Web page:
There are countless claims on the Internet about seemingly miraculous health benefits of apple cider vinegar consumption, but is it all true? I hit the research journals to separate fact from fiction and proven claims from the Internet-sustained urban myths.
I discovered that apple cider vinegar has many beneficial properties but most of the claims floating around in cyberspace are unfounded in research. Here are some of the evidence-based health benefits of incorporating apple cider vinegar into your daily diet:
Improve Insulin Sensitivity in Diabetes
Several studies demonstrate vinegar’s ability to improve insulin sensitivity and lower blood sugar responses when eaten as part of meals or taken before bedtime, which may offer help in the treatment of diabetes. Here are links to a few of the studies, if you’re interested in learning more: Annals of Nutrition and Metabolism, European Journal of Clinical Nutrition, another European Journal of Clinical Nutrition study, and Diabetes Care.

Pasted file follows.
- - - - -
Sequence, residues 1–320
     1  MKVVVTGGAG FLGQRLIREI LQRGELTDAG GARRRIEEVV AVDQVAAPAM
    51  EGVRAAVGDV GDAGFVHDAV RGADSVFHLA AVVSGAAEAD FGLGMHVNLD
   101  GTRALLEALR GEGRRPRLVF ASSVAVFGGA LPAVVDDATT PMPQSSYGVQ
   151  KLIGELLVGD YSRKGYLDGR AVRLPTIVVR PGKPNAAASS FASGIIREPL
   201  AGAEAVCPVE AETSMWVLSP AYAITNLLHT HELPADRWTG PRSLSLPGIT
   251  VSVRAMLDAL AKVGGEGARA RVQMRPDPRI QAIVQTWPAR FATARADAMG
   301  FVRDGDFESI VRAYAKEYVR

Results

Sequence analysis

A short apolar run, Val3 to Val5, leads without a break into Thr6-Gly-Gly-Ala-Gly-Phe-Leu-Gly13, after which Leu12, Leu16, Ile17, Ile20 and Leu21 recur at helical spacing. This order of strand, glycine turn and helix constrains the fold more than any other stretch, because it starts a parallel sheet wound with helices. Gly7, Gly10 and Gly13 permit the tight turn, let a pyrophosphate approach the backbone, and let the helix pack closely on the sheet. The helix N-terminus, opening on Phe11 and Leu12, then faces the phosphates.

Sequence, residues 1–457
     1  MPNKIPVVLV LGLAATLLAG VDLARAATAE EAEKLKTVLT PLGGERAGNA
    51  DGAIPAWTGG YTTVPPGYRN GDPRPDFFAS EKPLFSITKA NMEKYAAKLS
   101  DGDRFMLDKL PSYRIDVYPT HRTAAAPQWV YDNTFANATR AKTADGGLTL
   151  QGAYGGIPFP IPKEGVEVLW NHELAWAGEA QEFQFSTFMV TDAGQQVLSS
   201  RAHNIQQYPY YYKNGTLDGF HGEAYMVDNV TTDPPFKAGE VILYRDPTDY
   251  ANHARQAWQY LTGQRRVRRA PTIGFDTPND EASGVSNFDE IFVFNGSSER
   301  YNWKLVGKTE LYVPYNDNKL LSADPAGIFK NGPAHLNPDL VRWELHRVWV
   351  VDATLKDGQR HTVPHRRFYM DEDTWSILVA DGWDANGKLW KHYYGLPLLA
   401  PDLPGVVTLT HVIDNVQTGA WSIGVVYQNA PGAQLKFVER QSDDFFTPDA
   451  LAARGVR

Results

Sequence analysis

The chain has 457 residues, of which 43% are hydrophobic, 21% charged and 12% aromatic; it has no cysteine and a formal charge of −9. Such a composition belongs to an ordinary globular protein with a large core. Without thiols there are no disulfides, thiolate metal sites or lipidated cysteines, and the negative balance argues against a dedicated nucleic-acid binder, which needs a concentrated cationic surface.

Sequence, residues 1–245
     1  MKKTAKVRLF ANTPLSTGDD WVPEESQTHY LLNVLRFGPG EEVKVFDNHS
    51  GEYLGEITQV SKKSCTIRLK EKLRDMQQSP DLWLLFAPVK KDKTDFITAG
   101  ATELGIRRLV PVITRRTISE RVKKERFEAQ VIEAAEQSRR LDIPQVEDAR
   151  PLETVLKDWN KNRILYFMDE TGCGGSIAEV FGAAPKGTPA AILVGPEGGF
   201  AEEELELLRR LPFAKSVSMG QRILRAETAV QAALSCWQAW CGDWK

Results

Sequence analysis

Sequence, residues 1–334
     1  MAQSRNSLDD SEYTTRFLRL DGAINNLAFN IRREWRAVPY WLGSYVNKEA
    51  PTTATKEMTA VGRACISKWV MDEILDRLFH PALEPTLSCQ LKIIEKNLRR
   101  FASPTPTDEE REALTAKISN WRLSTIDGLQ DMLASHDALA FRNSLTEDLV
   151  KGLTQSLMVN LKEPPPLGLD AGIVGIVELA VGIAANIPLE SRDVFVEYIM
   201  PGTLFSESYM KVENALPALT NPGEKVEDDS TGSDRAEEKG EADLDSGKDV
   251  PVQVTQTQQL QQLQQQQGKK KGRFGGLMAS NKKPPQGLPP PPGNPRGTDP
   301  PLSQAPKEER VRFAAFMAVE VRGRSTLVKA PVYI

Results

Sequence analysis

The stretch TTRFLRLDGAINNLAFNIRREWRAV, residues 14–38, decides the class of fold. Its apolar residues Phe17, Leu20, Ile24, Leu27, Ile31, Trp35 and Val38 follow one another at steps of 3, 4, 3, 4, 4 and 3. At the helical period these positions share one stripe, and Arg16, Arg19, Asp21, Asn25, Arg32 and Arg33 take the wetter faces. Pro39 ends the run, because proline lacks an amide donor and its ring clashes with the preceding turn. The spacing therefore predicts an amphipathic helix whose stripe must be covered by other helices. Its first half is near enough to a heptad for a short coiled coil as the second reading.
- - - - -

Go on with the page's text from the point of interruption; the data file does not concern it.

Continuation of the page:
Regulate Blood Chemistry in Diabetics
Improving insulin sensitivity isn’t the only way apple cider vinegar appears to help diabetics. It has been shown to help normalize other aspects of blood chemistry as well. Research showed that apple cider vinegar helped regulate blood chemistry of diabetic animals fed the vinegar as part of their regular diet for four weeks.
Killing E. Coli on Produce
The Journal of Food Protection assessed the effects of spraying various solutions on lettuce inoculated with E. coli. While the apple cider vinegar did not kill the E. coli completely, it helped to reduce the numbers of the bacteria linked with food poisoning yet did not affect the taste of the lettuce or its crispness.
Regulate Effects of Dietary Cholesterol
In a study published in the Journal of Membrane Biology, researchers studied the effects of a high cholesterol diet on animals fed apple cider vinegar versus animals that only ate the high cholesterol diet. They found that the apple cider vinegar exerted a protective effect on the liver and kidneys, among other protective benefits.